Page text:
29 May 2008

Day Two: A Day of Scenery

Southeast Oahu is full of steep, sharply-ridged mountains right up against the sea. We drove on every major road running through there at some point during that day. The grandeur has California's coast beat any day, and my mother commented that there was no longer any need to do the famed Highway One scenic drive. For some reason the mountains remind me of Japan, even though I've never been there.

Nu'uanu Pali Lookout is a very tiny state park that consists mainly of the one lookout point. According to the signs, the valley being viewed was formed by a gigantic landslide, when half of a volcano fell into the sea.


Makai pier is a research pier. There was no indication what sort of research was done at the pier. Two small islands are visible from there - Manana, also called Rabbit, and Kaohikaipu.


Behind the pier, the mountains loom very ominously. They look like they're right there, probably because of how steep they are.

Some land juts out to the right of the pier.

The right picture is the same land jutting out, except from around the corner on the other side. The pier is visible beyond the part that juts out. This was viewed from near the Makapu'u lighthouse, which we didn't see because by the time we got there it was too dark to do any climbing.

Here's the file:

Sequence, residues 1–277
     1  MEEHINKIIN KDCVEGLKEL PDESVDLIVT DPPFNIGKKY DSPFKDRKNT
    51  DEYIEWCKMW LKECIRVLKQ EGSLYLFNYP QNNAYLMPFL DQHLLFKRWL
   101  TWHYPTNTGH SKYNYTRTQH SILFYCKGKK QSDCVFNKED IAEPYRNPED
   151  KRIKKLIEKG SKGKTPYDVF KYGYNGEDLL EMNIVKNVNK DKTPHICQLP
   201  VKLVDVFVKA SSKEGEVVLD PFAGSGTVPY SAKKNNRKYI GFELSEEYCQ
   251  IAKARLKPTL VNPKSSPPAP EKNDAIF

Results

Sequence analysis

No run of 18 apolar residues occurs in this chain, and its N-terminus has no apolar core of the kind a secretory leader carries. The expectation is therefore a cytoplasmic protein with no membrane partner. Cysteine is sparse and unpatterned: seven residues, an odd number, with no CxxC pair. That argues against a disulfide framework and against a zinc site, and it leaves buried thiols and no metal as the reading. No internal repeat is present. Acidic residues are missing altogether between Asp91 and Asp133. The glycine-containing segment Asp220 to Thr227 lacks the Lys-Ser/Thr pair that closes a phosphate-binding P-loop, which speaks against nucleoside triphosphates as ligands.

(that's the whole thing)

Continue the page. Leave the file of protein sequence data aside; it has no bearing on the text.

Hawaii Kai is a fairly wealthy-looking residential area to the east of Honolulu. It has some very nice mountains in it.

A lookout point just past Hanauma Bay, next to Sandy Beach.




Beach of the day:

Sandy Beach Park is between Hanauma Bay and Makapu'u Point. The waves aren't too tall but can be strong. I spent my time poking around in a bunch of rocks covered with algae, urchins, anemones, and other small creatures, and trying not to get dashed up against them when the water came in.

1 comment:

brenda013 said...

I like your "beach of the day" pictures. Both have radically different water color.
My computer desktop has EarthDesk, with a picture of the globe. The Hawaiian Islands are totally LOST out there in the middle of the Pacific. A strange sensation...